After the initial purchase agreement was signed in May last year, the war continued and Stark’s board considered the military offensive would cause significant “negative changes to the economic situation” and adversely affect the finances of the automotive cable solutions business, the Thai company said.

Leoni and Leoni Bordnetz-Systeme have, meanwhile, filed a case with the German Arbitration Institute seeking compensation of €608-million and Stark has said it’s engaged advisers to file a counterclaim. Stark said it was in the process of responding to the request for arbitration by Leoni and sought an extension until 19 September to respond to the filing.

EU readies €50bn Ukraine package ahead of donor summit

The European Union is ready to propose a financial aid package of around €50-billion to support Ukraine as the country embarks on a critical counteroffensive to retake territory lost since Russia’s invasion more than a year ago.

The proposal from the European Commission, the EU’s executive arm, will help finance the Ukrainian government’s current expenditures and pay for urgent reconstruction priorities, according to people familiar with the plan.

The aid package comes at a pivotal time in the war, with Ukraine’s forces launching a long-expected spring campaign. The Ukrainian government is counting on the counteroffensive to push Russian forces from more territory and encourage allies to continue providing needed support even as some countries are pressuring Kyiv and Moscow to negotiate. Ukrainian officials last week said their troops had made some advances amid “severe fighting.”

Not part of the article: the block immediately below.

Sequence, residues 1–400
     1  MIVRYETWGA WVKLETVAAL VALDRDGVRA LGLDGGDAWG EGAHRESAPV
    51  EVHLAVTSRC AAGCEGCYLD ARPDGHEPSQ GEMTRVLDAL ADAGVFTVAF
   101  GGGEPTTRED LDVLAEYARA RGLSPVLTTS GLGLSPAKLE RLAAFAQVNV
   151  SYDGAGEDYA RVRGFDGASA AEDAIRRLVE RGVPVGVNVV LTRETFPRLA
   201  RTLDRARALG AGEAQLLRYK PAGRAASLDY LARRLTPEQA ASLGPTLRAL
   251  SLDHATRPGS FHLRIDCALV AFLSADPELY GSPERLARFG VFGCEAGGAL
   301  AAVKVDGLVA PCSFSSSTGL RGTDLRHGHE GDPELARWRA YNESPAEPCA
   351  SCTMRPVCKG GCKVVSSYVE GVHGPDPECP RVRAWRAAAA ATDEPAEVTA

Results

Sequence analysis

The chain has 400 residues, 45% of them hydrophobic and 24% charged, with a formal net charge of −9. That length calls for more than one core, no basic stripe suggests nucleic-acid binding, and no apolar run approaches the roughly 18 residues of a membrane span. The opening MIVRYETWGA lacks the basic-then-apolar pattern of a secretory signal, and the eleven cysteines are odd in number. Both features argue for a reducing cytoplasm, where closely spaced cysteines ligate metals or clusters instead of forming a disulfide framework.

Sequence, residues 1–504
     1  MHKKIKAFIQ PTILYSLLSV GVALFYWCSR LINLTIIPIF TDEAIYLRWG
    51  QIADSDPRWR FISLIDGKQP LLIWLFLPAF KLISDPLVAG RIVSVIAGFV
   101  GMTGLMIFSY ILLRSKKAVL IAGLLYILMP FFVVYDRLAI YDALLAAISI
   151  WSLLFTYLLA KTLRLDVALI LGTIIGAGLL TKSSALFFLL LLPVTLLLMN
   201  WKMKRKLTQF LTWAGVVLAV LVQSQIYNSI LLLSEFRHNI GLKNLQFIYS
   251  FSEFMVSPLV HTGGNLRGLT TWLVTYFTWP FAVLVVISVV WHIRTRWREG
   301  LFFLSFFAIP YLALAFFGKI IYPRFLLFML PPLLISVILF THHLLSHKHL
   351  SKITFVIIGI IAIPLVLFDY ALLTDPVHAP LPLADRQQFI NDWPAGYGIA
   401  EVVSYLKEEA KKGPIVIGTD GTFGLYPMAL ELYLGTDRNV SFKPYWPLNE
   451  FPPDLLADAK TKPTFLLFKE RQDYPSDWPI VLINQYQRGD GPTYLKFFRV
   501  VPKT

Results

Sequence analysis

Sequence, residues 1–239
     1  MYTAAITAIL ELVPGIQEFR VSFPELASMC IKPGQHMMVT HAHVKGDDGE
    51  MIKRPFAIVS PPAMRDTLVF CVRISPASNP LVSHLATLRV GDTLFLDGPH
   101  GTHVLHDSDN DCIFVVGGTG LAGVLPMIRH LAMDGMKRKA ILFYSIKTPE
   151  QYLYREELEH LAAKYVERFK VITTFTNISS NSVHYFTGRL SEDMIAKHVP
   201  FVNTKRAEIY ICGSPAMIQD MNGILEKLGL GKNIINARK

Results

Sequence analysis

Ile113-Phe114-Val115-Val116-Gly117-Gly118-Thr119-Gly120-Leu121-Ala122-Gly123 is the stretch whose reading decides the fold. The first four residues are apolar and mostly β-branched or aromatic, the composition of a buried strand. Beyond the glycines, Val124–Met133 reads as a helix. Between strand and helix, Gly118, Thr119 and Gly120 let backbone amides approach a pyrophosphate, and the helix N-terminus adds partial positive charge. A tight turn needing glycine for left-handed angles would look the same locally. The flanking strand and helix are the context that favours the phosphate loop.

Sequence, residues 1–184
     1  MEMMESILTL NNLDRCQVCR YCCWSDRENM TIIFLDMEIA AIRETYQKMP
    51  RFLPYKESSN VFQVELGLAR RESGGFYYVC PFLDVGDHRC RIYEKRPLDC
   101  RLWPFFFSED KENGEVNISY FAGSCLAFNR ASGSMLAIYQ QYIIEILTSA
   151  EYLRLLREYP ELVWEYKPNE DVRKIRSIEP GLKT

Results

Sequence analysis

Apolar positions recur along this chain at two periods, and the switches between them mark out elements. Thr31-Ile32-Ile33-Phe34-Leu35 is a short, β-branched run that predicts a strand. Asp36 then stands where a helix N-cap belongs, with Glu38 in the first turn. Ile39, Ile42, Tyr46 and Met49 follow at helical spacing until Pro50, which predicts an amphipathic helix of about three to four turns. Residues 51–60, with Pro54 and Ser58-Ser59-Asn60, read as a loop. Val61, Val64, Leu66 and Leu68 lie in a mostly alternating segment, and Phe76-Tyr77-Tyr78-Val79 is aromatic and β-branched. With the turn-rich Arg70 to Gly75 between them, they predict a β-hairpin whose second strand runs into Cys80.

The proposal, part of the review of the EU’s long-term budget, would cover the period from 2024-2027. It would provide less annually than the €18-billion in financial assistance the EU is offering this year. The World Bank has estimated that Ukraine’s reconstruction costs could amount to $411-billion.

 

 

 

Russian oil flows edge lower, but evidence of cuts remains scant

Russian crude oil flows to international markets have drifted lower, while remaining well above levels seen in February, the baseline month for the country’s pledged output cuts.

Four-week average seaborne shipments, which smooth out some of the volatility in weekly numbers, edged down in the period to 18 June to 3.63 million barrels a day from 3.66 million in the period to 11 June.

On that basis, flows are now down by 212,000 barrels a day from the peak they reached in the period to 21 May, but are still 250,000 barrels a day higher than they were in the four weeks to 26 February. February was the baseline month for production cuts promised by the Kremlin.

President Vladimir Putin told the St Petersburg International Economic Forum that the nation’s oil and gas industry is in good shape. “The output in the country is growing and we are happy about it, our sales are robust,” he said, without explaining how that would align with Moscow’s pledge to cut production.

Secondary sources that the Opec+ producers’ group uses to monitor its members’ production levels raised their estimate for Russia’s February volumes, effectively lifting the country’s output target by about 120,000 barrels a day.

There is still little evidence that the pledged 500,000 barrels a day of cuts — retaliation for Western sanctions imposed after the invasion of Ukraine — have been made, at least not in full. DM